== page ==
- Question from IRossi: I'm 36 years old. I had an invasive breast cancer two and a half years ago with no lymph node involvement. After surgery, I had radiation followed by two years of tamoxifen and Zoladex. I would like to get pregnant again. Is that safe?
- Answers - Lynn Schuchter This is another very complicated question. In general, women who have had breast cancer can safely become pregnant and in general the available data and evidence suggest that pregnancy itself does not alter a woman's risk for recurrence of her breast cancer. Having said that, it still is complicated in terms of planning the timing of a pregnancy: how soon one becomes pregnant after a diagnosis of breast cancer and the possibility of compromising the overall plan for treatment by becoming pregnant. In women who have received chemotherapy, we generally like to wait at least one year from chemotherapy before becoming pregnant. In your specific question, you may be considering stopping your hormonal therapy earlier than the planned five years to become pregnant. That is a very complicated decision. So here we are weighing your ability to become pregnant as you become older, and as one becomes older it is more difficult to become pregnant so we see competing pressures. If you complete the entire 5 years of your treatment, you'll be older and have a more difficult time getting pregnant. On the other hand, if you stop your hormonal therapy earlier in order to become pregnant, then you alter your overall treatment plan for the breast cancer. Certainly women should not become pregnant while taking tamoxifen and Zoladex as they could have untoward effects on the fetus. So this is a complicated conversation that you should have with your oncologist and your gynecologist, looking at benefits and risks. I think medical oncologists are more open now to discussing these issues with women. It's not an uncommon situation, and requires thoughtful conversation with your doctors.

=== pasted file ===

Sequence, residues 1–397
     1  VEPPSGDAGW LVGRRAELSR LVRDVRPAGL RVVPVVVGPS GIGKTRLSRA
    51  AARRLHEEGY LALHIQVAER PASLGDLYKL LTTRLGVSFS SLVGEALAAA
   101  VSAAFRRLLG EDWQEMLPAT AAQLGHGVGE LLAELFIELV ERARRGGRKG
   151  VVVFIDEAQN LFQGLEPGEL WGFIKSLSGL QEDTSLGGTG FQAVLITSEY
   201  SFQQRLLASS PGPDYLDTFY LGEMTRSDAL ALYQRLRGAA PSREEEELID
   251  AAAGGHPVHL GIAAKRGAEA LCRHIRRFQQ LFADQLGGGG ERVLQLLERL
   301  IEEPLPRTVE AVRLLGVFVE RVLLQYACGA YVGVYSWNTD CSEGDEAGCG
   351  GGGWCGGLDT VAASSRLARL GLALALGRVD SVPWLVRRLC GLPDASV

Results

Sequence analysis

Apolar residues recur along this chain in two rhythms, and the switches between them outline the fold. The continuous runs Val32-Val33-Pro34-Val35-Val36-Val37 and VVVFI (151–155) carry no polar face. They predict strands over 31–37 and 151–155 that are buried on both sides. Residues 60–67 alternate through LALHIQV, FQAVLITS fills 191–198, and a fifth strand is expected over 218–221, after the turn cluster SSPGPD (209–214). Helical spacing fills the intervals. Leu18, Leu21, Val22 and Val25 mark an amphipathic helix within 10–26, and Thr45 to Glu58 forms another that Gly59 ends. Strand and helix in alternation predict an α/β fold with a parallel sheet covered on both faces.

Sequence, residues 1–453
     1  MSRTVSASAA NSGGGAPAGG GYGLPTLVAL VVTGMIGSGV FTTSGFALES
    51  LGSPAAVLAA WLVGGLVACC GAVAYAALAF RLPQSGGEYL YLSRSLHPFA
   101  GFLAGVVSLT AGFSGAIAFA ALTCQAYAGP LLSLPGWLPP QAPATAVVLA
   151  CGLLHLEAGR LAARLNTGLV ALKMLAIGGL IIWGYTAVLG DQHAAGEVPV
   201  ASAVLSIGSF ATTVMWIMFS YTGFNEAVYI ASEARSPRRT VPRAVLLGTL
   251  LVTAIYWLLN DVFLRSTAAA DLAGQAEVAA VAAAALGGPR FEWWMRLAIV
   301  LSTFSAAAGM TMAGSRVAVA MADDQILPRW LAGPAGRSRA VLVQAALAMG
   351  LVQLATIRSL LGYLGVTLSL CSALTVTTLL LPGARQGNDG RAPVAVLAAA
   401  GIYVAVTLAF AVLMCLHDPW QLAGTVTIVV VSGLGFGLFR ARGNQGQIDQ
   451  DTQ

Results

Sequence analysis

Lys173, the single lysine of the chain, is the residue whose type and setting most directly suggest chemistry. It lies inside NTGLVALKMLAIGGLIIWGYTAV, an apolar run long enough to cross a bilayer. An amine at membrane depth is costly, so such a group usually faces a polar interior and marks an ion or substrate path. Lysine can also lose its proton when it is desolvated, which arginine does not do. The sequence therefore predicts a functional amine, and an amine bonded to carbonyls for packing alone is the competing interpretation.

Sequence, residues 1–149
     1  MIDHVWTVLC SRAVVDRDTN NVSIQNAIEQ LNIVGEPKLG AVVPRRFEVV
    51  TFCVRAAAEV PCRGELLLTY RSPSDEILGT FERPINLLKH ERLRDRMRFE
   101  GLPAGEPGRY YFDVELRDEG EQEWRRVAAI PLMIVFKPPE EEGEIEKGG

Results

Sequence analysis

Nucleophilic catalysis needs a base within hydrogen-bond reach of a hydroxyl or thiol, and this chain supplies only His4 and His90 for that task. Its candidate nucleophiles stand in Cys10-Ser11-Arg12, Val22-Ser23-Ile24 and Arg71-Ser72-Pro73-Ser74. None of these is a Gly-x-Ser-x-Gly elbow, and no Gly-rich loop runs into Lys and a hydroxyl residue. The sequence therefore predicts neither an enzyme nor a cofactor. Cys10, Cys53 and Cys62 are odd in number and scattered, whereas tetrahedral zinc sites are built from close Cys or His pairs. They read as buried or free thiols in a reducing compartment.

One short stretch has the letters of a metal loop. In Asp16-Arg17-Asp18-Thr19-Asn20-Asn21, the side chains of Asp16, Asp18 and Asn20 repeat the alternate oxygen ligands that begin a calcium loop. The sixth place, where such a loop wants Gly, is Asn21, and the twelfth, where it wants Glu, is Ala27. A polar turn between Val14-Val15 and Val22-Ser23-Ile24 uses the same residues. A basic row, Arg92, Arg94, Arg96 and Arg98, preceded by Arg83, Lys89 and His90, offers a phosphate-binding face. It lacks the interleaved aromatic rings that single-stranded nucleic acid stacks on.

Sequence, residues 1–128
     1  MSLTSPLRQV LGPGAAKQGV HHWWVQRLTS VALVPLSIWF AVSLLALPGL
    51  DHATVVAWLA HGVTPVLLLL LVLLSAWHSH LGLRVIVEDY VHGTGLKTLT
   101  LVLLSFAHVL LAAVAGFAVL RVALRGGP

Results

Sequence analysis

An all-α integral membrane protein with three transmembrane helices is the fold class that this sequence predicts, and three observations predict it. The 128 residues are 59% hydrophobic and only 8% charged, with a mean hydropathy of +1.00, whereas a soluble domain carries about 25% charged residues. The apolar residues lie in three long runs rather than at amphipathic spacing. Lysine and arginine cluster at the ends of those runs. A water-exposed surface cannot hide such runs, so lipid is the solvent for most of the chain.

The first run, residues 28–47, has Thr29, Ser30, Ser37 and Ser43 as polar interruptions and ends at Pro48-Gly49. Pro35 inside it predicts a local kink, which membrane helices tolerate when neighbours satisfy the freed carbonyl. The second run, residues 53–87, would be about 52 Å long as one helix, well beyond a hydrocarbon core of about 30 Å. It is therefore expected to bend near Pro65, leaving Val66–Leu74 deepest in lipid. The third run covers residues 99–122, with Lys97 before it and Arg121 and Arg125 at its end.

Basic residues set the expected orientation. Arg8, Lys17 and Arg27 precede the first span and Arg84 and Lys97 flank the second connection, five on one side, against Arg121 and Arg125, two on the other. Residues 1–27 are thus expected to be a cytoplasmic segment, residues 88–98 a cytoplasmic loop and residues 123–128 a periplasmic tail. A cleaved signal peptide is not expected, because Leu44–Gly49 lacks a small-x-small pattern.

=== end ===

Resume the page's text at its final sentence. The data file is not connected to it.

On Wednesday, April 19, 2006, our Ask-the-Expert Online Conference was called Young Women and Breast Cancer. Lynn Schuchter, M.D. and moderator Jennifer Armstrong, M.D. answered your questions about the special concerns of young women who have been diagnosed with breast cancer.
The materials presented in these conferences do not necessarily reflect the views of Breastcancer.org. A qualified healthcare professional should be consulted before using any therapeutic product or regimen discussed. All readers should verify all information and data before employing any therapies described here.
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